The Path to Crypto Adoption: from Direct Payments to Crypto Credit Cards

Crypto adoption is progressing slowly but steadily. More online retailers started accepting digital currencies as a means of payment and startups are issuing crypto debit cards. But large-scale adoption is still far off.

Crypto ATMs, Crypto Debit Cards, Crypto Phones – the industry is doing its best to drive crypto proliferation and make it as easy as possible for users to integrate digital currencies into their daily lives.

More online retailers are offering crypto payments

Last week, Digitech Galaxus, Switzerland’s largest online retailer, announced to enable clients who spend at least CHF 200 to be able to pay in either Bitcoin, Bitcoin Cash, Ether, Ripple, Binance Coin, Litecoin, Tron NEO, or OmiseGO. Payments will be processed through the third-party service Coinify. The Danish startup converts each crypto payment to fiat in real time.

The downside: There is a 1.5 per cent fee for using the service. Thus, it’s questionable whether customers will pay in cryptos. Why should they? The current benchmark for online payments is services like Revolut, that offer fee-free and timely payments. Most customers don’t care if the currency they use is centralised or decentralised. All that matters is convenience and cost.

Also, Digitech Galaxus is predominantly an online retailer. Cryptocurrencies are still rarely accepted anywhere in places where the average person wants to shop like malls or movie theatres.

Crypto payment cards could push crypto adoption in physical stores

Bring in 2gether, a next-generation banking platform established in Spain. The company has launched a prepaid Visa debit card that allows consumers to spend crypto as easily as if they were Euros. Users only need to swipe their card, and it instantly converts the cryptocurrencies held in a digital wallet into Euros to execute the payment.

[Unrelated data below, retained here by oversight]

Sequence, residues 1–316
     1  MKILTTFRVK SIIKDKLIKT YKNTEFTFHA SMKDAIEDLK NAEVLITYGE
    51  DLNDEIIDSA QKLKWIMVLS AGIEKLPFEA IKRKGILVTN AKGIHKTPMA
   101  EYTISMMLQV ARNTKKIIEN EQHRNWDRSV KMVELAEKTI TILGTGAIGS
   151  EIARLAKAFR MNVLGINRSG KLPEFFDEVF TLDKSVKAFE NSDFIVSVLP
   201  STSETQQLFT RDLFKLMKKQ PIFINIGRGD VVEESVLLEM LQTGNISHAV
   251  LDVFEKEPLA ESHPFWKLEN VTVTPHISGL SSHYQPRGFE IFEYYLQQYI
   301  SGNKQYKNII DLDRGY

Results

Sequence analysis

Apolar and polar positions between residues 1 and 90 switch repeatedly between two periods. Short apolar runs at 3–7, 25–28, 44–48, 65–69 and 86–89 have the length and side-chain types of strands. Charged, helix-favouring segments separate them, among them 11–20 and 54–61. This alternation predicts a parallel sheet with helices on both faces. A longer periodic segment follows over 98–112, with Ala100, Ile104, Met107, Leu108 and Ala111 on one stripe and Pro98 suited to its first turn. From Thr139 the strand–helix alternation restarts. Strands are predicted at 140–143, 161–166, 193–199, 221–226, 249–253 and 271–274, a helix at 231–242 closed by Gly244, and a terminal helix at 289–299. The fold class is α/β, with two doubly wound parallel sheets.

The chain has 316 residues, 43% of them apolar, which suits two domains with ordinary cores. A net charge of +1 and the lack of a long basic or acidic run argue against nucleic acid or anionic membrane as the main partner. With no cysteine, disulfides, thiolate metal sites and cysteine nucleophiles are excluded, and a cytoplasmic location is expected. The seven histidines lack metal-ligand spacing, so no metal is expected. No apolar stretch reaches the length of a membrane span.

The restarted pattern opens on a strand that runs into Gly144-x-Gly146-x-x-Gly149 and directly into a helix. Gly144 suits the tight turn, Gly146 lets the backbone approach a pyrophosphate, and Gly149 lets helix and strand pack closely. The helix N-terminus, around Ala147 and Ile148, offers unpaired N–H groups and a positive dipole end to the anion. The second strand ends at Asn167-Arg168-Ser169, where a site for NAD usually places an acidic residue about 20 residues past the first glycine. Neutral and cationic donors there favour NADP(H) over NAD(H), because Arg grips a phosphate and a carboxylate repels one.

The app can convert ETH, BTC, XPR, BCH, EOS, XLM, and LTC into Euros. Users can make payments without fees, and there is no mark-up to the exchange prices. EU citizens can now download the app, complete the KYC process and start using the service.

Unlike Wirex’s Visa debit card, which has so far been the first choice of many Europeans and can be used in the 33 member states of the European Economic Area, 2gether is only available in the 19 Eurozone nations. Wirex cardholders can spend Euros, U.S. dollars and British pounds; 2gether users can only spend Euros. However, 2gether allows converting seven cryptocurrencies, while Wirex users can convert BTC, ETH, XRP, LTC, and waves.

Similar projects have also been launched in the US, for example, Bitpay, which processed more than USD 1 billion in payments in 2018. It offers users in the U.S. to convert BTC and BCH to U.S. dollars and local fiat currencies outside the U.S.

Likewise, Shift also offers a Visa card to U.S. consumer enabling them to connect to their Coinbase accounts. The Visa card has no maintenance fee, but a 3 per cent commission is charged on international transactions.

Thus, the tools and the infrastructure to use digital currencies in the real world are already there. However, with all of these solutions, it’s always required to convert cryptos into fiat before making a purchase. So, besides a small circle of tech enthusiasts who work in crypto startups and get part of their salaries paid in cryptos, why would the average consumer be interested in using a digital currency? We’re not there yet.

Lukas Hofer

Lukas J. Hofer is a business writer and has years of experience in financial services and international business. He has a proven track record working with leading international companies and currently works as independent business consultant in Asia.

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